Wednesday, 11 June 2014

Loggerhead, turtle, florida

The most common sea turtle in Florida, the loggerhead is named for its massive, block-like head. Loggerheads are among the larger sea turtles; adults weigh an average of 275 pounds and have a shell length of about 3 feet. Its carapace, which is a ruddy brown on top and creamy yellow underneath, is very broad near the front of the turtle and tapers toward the rear. Each of its flippers has two claws. As is true for all sea turtles, the adult male has a long tail, whereas the female's tail is short; however, a juvenile's cannot be determined externally.
Loggerhead sea turtles like to eat bottom dwelling sea creatures. A good meal would consist of horseshoe crabs, clams, or mussels. They have a strong jaw that can crush the shells.
The loggerhead sea turtle, our state reptile, has a rich reddish-brown carapace and yellow plastron. The loggerhead’s large skull provides for the attachment of strong jaw muscles for crushing conchs and crabs. Loggerheads usually leave the cold coastal waters in the winter and are often seen along the western edge of the Gulf Stream. The major nesting area for the loggerhead in the western Atlantic is the southeastern United States. In South Carolina, the primary nesting beaches are between North Inlet and Prices’ Inlet, but other beaches in the southern part of the state also have moderate nesting densities. These are mainly undeveloped nesting beaches between Kiawah Island and Hilton Head. The nesting season runs from mid May to mid August. The average clutch size in South Carolina is 120 eggs. The average incubation duration is 55 - 60 days. The loggerhead is the most common sea turtle to strand in South Carolina and the nesting population has declined three percent per year since records began in 1980.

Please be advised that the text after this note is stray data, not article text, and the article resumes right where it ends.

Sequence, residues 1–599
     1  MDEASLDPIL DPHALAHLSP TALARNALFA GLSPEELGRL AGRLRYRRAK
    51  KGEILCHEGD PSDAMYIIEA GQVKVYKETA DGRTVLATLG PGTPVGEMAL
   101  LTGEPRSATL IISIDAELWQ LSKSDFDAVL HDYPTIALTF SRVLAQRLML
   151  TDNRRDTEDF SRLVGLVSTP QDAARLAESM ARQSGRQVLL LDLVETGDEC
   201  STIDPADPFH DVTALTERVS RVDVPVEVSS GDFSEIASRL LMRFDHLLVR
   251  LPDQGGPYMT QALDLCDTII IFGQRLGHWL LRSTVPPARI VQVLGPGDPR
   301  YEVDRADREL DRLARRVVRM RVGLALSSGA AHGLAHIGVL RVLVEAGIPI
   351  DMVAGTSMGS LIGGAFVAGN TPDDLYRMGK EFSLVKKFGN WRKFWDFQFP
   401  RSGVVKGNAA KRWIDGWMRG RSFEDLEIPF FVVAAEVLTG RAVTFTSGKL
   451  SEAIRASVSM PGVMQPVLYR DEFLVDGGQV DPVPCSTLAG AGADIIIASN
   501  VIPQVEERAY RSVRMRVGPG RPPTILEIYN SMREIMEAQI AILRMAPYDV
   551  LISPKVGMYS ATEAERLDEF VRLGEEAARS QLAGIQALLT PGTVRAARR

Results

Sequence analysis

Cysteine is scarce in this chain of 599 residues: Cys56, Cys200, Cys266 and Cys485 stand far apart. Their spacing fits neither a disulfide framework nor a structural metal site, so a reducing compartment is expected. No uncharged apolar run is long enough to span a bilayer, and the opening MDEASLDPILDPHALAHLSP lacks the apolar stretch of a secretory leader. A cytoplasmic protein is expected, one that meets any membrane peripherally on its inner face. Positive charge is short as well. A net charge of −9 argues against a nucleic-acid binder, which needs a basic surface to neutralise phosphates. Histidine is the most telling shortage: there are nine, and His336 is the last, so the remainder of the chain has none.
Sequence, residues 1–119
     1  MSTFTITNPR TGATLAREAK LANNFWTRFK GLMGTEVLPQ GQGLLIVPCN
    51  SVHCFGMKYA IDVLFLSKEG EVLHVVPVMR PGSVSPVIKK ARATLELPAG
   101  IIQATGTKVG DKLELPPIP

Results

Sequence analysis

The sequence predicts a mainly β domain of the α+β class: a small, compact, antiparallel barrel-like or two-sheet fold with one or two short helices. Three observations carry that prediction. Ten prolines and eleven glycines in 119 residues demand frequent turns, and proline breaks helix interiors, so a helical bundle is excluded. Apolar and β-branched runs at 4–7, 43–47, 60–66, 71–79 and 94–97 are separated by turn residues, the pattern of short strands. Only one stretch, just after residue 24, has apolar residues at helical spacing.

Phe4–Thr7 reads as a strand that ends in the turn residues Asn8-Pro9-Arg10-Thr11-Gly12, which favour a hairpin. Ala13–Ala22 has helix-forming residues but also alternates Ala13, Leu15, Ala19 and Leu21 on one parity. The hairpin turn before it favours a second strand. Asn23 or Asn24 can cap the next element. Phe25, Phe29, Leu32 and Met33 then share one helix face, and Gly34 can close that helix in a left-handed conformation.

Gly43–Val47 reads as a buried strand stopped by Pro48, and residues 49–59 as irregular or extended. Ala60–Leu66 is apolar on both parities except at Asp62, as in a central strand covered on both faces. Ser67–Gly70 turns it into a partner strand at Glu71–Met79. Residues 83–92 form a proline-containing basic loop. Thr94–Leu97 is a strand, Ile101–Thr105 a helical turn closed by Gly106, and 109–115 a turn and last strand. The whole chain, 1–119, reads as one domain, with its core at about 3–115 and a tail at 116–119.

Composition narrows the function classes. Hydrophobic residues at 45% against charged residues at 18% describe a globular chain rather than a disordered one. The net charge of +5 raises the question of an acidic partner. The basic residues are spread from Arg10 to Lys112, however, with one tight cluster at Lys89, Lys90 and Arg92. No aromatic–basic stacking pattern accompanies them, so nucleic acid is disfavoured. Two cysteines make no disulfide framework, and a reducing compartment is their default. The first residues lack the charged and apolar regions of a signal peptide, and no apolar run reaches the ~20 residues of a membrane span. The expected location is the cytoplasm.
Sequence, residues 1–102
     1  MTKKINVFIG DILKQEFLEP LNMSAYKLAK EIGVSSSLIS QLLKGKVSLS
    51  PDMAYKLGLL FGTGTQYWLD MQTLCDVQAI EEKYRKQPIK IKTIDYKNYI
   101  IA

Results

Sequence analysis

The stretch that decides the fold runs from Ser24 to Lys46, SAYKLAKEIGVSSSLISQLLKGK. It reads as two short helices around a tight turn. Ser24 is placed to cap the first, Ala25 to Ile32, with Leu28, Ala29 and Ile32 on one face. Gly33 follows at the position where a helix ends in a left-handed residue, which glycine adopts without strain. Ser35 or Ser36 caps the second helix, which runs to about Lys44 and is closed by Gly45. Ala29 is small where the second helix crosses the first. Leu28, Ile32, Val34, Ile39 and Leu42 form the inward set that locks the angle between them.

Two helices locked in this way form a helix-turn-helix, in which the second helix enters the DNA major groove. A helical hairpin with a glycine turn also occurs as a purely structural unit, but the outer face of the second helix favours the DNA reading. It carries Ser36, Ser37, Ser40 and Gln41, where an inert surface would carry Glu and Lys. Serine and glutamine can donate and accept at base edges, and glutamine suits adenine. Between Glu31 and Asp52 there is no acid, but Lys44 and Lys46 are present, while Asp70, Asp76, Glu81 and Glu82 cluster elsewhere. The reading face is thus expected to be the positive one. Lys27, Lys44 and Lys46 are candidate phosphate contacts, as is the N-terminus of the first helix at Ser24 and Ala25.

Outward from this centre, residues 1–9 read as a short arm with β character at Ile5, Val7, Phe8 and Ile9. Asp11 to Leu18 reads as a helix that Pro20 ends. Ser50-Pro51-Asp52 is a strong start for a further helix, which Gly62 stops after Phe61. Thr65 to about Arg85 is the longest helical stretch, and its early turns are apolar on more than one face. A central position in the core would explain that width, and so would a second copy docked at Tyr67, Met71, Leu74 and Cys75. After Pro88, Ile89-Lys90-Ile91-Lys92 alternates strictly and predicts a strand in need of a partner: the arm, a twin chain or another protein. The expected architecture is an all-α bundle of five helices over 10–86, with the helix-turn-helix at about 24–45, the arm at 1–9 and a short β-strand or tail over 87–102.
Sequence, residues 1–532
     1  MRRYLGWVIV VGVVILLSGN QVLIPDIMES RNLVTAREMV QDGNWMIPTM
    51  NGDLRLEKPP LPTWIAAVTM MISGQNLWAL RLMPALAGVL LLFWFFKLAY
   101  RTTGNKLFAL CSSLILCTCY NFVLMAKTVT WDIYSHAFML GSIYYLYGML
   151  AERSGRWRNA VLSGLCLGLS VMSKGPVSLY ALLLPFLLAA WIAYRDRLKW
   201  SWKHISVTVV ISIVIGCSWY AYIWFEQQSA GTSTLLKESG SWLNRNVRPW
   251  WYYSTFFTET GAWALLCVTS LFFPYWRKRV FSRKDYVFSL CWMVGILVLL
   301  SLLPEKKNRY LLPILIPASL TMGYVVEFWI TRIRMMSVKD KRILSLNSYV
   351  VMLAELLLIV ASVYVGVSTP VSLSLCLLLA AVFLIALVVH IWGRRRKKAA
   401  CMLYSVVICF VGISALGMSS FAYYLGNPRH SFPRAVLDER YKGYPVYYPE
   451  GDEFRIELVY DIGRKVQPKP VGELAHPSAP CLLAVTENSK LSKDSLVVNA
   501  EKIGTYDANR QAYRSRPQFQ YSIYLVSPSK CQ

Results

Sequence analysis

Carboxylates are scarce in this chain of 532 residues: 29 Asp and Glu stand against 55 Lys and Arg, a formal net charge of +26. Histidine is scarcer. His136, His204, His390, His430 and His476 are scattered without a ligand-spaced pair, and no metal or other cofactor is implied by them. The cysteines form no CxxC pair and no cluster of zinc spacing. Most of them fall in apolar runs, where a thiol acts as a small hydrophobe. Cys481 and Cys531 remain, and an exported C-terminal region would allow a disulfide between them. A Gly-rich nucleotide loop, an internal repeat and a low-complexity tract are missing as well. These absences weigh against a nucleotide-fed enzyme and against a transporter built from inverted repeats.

Loggerhead sea turtles are named for their exceptionally large head relative to the rest of their body. These turtles have large, powerful jaws that enable them to feed on heavy-shelled clams, crustaceans and encrusting animals such as mussels and limpets. Because of their diet, adult loggerhead turtles are usually found close to shore in coastal or estuarine areas, and are rarely seen at sea. However, juvenile loggerhead sea turtles have been known to migrate thousands of kilometres across the open ocean between their nesting beaches and their adult habitats.
Loggerhead sea turtles are slow moving. Their shell is very thick at the rear end, likely to protect them from attacks by sharks while foraging.
The name for this type of sea turtle stems from the fact that it does have an enormous heat. Did you know that they aren't able to put their heads inside of the shells? In fact, no species of sea turtle can do this. Flippers are present that also have claws on the front ones. This allows them to dig in the sand and also to protect themselves.

The biggest protection though for the Loggerhead Sea Turtle comes from the shell itself. It is smooth to the touch and it also does more than to keep them from the mouths of predators. These shells also are a way for them to keep their bodies at the right temperature. This shell can be too hard for many predators to really break through and that is good for them. They don't really have the speed or the weapons to otherwise keep predators at bay.
On July 28, 1978, the loggerhead sea turtle was designated as threatened. In 1988, a fifth grade class in the town of Ninety Six thought that if the loggerhead turtle was the state reptile, it would bring more attention to the plight of this threatened species and perhaps help conservation efforts. They wrote letters to their state Senator, Mr. John Drummond who introduced a bill in the legislature. They also came as a class and displayed a banner from the balcony of the Senate. The bill passed on the last day of the session.


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